Ecological controls on biogeochemical fluxes in the western Antarctic Peninsula studied with an inverse foodweb model

Ducklow, HW; Doney, SC; Sailley, SF. 2015 Ecological controls on biogeochemical fluxes in the western Antarctic Peninsula studied with an inverse foodweb model. ADVANCES IN POLAR SCIENCE, 26 (2). 122-139. 10.13679/j.advps.2015.2.00122

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Abstract/Summary

Sea ice in the western Antarctic Peninsula (WAP) region is both highly variable and rapidly changing. In the Palmer Station region, the ice season duration has decreased by 92 d since 1978. The sea-ice changes affect ocean stratification and freshwater balance and in turn impact every component of the polar marine ecosystem. Long-term observations from the WAP nearshore and offshore regions show a pattern of chlorophyll (Chl) variability with three to five years of negative Chl anomalies interrupted by one or two years of positive anomalies (high and low Chl regimes). Both field observations and results from an inverse food-web model show that these high and low Chl regimes differed significantly from each other, with high primary productivity and net community production (NCP) and other rates associated with the high Chl years and low rates with low Chl years. Gross primary production rates (GPP) averaged 30 mmolC.m-2.d-1 in the low Chl years and 100 mmolC.m-2.d-1 in the high Chl years. Both large and small phytoplankton were more abundant and more productive in high Chl years than in low Chl years. Similarly, krill were more important as grazers in high Chl years, but did not differ from microzooplankton in high or low Chl years. Microzooplankton did not differ between high and low Chl years. Net community production differed significantly between high and low Chl years, but mobilized a similar proportion of GPP in both high and low Chl years. The composition of the NCP was uniform in high and low Chl years. These results mphasize the importance of microbial components in the WAP plankton system and suggest that food webs dominated by small phytoplankton can have pathways that funnel production into NCP, and likely, export.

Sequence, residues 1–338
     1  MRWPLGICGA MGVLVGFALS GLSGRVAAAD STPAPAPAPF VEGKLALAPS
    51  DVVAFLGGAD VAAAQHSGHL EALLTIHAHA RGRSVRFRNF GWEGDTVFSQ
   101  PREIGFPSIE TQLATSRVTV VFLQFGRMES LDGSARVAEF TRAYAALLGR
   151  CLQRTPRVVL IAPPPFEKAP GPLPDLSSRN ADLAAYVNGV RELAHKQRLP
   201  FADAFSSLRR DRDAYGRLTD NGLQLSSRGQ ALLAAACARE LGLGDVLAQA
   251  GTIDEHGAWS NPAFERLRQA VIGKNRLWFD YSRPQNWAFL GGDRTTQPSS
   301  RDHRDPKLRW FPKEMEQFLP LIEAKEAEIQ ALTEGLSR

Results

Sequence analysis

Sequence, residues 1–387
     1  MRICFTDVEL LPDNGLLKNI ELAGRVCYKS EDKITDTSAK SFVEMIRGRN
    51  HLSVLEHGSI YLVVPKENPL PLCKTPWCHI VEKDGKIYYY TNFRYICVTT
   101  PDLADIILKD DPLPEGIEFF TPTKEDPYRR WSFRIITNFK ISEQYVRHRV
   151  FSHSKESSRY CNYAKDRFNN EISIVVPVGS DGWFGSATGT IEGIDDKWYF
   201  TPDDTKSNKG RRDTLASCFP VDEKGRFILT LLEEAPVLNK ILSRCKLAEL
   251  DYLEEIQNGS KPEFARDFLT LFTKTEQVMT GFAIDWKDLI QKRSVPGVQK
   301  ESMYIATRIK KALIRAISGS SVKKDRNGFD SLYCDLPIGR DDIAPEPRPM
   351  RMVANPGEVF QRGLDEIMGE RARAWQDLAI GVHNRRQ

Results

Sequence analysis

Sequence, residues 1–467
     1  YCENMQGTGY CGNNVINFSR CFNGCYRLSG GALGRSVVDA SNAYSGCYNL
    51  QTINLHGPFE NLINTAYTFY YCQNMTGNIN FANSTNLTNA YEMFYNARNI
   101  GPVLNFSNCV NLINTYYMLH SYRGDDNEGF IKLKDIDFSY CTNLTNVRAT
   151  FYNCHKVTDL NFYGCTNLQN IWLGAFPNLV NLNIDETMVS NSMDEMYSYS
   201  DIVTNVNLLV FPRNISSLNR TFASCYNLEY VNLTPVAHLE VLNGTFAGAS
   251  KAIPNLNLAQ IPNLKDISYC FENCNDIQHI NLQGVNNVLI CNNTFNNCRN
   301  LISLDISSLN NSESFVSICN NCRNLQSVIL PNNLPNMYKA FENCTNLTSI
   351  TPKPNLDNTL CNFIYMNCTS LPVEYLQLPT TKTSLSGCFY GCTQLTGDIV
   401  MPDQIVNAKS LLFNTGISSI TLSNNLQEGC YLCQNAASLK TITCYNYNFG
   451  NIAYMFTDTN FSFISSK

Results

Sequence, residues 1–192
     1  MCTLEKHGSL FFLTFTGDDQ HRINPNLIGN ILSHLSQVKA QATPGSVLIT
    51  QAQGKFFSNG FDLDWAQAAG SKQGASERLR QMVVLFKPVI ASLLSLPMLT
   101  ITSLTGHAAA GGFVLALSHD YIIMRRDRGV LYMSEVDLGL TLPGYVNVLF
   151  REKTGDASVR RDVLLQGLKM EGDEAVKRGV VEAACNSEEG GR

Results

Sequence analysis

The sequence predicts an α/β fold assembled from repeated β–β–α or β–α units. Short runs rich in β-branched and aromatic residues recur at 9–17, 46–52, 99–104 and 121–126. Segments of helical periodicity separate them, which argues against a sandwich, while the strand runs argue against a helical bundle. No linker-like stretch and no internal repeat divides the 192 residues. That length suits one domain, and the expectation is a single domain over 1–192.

Item Type: Publication - Article
Additional Keywords: ecological controls biogeochemical food-web model
Subjects: Marine Sciences
Oceanography
Divisions: Plymouth Marine Laboratory > Science Areas > Marine Ecosystem Models and Predictions
Depositing User: Sevrine Sailley
Date made live: 25 Aug 2015 08:42
Last Modified: 06 Jun 2017 16:13
URI: http://plymsea.ac.uk/id/eprint/6508

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